The women have lots of fun stories — many of which are inside jokes that only they would get — like the time they were on a London subway, got off on Bond Street, and Ostrem looked at a friend and said: “Bond. James Bond.”
Or the time she and Sevde got lost in London looking for a pub Sevde’s son had recommended to them.
“We didn’t know where we were going, but we just went because we go on these adventures,” she says.
The two women are very high energy. They like to get up and go, go, go and see as much as they can until they drop. Sevde says their husbands are both very understanding of their wives’ desires to travel and sometimes suggest they take the trips or do activities without them.
Sevde and her husband did quite a bit of traveling in North America while he was working. They took their daughters to Mexico and Hawaii when they were children and have done some traveling with them as adults.
Women learn how to find travel deals, the best ways to seek help when abroad
Ostrem still works full time, which is how she pays for her travels. Sevde retired about six years ago.
Both have learned where and how to find deals through the years.
Many times, they travel off season to get better deals. They use travel sites such as Expedia and Trip Advisor and book most travel and lodging through websites. On occasion, they’ll use a travel company.
They recommend doing research ahead of time and booking city tours early. The tours, Ostrem says, are a great way to see lots of different sites and attractions, and then make notes about what you want to return to later to see in more detail.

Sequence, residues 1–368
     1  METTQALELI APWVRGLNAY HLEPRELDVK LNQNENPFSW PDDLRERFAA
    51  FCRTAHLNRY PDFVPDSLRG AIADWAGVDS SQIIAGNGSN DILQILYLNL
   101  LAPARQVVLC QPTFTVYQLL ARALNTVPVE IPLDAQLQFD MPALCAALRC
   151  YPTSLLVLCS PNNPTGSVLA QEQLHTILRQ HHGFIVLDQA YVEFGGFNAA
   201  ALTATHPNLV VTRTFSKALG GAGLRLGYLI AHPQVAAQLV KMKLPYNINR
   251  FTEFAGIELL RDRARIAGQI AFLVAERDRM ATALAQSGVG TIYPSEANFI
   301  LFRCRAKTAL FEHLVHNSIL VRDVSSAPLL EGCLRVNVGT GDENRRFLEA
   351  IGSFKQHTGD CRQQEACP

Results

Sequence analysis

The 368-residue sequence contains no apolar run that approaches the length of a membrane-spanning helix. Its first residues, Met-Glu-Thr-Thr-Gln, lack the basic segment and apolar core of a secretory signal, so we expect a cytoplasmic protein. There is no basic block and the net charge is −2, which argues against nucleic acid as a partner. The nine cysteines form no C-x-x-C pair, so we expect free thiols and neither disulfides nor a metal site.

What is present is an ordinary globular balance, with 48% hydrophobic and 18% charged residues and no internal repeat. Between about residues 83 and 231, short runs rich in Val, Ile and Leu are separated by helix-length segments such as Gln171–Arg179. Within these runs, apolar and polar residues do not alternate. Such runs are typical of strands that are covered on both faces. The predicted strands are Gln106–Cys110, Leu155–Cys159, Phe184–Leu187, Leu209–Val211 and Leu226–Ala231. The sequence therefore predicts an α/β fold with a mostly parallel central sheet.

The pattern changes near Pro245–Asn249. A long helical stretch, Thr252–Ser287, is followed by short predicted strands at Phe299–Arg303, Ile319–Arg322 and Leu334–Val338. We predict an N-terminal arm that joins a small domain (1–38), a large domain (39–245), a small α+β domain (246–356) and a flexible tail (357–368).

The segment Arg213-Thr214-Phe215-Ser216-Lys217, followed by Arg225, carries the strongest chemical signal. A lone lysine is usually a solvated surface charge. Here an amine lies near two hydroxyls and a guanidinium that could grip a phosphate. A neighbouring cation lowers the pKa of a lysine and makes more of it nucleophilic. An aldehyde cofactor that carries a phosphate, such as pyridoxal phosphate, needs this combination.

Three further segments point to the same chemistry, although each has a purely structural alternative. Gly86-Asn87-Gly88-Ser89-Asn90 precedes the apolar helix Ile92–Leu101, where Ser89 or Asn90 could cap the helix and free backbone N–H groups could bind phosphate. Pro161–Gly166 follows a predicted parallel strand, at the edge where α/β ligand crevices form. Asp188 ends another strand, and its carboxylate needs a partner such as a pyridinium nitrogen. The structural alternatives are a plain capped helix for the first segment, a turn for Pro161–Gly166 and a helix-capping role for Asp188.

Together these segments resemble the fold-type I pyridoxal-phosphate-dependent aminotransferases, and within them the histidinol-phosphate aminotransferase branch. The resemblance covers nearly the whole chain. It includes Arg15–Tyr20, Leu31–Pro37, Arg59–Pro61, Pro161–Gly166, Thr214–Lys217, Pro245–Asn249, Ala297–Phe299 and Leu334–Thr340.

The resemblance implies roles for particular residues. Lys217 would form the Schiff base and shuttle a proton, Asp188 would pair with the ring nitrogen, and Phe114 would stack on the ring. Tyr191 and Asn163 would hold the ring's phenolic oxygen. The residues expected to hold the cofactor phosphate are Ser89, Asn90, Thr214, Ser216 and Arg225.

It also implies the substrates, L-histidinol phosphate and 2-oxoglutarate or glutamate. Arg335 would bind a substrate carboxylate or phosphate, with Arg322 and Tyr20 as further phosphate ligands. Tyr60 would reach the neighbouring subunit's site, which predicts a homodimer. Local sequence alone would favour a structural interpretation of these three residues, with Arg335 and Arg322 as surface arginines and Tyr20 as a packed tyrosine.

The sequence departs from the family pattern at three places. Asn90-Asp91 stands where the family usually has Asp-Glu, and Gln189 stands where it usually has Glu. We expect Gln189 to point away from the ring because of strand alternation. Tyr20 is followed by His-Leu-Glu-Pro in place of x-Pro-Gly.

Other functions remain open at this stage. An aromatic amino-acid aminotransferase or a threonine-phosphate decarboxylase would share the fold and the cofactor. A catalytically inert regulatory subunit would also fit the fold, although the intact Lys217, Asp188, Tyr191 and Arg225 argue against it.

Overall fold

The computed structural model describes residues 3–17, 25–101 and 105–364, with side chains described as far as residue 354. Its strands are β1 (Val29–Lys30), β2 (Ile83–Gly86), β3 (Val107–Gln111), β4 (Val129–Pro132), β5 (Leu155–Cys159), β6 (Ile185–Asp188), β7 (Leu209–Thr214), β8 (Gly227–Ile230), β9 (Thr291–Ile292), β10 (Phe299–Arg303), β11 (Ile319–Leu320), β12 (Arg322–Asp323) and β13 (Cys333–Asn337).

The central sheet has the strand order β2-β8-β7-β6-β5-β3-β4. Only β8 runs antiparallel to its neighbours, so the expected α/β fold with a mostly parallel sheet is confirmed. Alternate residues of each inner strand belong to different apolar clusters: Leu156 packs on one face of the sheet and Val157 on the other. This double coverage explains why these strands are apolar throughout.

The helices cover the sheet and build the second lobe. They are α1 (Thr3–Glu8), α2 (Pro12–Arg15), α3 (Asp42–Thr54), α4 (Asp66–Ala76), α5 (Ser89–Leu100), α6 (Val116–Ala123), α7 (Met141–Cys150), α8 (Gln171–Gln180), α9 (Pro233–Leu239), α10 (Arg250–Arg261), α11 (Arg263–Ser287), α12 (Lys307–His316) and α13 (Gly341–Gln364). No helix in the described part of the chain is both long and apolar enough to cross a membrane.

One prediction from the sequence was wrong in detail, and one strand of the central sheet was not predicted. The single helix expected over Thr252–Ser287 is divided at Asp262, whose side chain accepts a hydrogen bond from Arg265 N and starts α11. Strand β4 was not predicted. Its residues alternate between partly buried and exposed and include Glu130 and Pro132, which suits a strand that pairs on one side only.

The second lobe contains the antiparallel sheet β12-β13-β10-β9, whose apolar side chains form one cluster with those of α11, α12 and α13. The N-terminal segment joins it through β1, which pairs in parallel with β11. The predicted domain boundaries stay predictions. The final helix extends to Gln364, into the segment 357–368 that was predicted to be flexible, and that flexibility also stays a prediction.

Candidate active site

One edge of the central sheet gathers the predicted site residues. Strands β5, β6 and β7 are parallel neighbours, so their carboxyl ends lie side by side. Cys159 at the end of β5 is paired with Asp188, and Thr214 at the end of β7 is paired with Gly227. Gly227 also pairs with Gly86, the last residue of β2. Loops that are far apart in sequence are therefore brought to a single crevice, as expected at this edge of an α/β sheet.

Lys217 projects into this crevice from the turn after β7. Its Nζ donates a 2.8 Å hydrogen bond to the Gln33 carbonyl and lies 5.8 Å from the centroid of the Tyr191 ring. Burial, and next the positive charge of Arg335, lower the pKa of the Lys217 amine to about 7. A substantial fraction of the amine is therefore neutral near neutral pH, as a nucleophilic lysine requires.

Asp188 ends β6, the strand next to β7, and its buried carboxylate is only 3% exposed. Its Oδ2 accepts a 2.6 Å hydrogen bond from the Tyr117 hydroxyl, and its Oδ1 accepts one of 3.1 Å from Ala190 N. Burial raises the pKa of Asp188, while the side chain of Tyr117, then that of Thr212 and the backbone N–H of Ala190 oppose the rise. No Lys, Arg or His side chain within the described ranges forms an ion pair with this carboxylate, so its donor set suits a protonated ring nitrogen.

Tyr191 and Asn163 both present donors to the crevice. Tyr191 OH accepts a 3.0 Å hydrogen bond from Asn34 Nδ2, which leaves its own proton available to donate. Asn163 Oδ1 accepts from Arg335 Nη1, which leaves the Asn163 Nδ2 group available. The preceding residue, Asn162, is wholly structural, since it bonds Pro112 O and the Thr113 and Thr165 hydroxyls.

Also important is to make multiple copies of one’s passport. Ostrem leaves one with family and takes a second copy with her that she keeps separate from her passport in case it were to be lost or stolen.
Traveling all over the world has its ups and downs — security issues in different countries, language barriers, time changes and unknown foods. They always take peanut butter to go in case there is food they don’t want to eat.
The women have learned it’s always a good idea to ask for help, and that people are usually quite friendly to assist when in their homeland if the tourist is equally nice and even tries to speak the language.
“Sometimes the best thing you can do is stand there with a map and look pathetic,” Ostrem says.
“We have found that everywhere people are helpful and willing and would love to tell you about their home. If you’re friendly, they’re friendly,” she says.
The next trip is always on the horizon
Ostrem and Sevde’s next trip often starts over a glass of wine when the women and their husbands get together. Before the night ends, they’ve booked tickets for their next adventure.
“It’s always good to have your passport ready to go because you never know when you’ll have an opportunity to go somewhere,” Ostrem says.
Ostrem says it’s difficult to pick a favorite trip, though the one she and Sevde took to Paris, France, and London, England, was special. It was Christmastime, and London was beautifully decorated. She also liked being able to see the Eiffel Tower in person after seeing it in pictures and on television for years. She also enjoyed a cruise they took on the Danube River.
“It was such a relaxing kind of thing,” she says, talking about the hamlets, monasteries and mountains they viewed.
Sevde says she can’t pick a favorite trip.
“You can’t have a favorite place until you’ve seen them all, and I have a lot to go and hopefully the health to enjoy it,” she says.
Ostrem says she would really like to visit Australia and New Zealand. Sevde wants to visit the Galapagos Islands and swim with the turtles.
Sevde says she feels lucky to have been able to travel as much as she has, though the ability to do it came with time.
“When my girls say: ‘I want to live your life,’ I tell them the problem is you have to get old,” she says.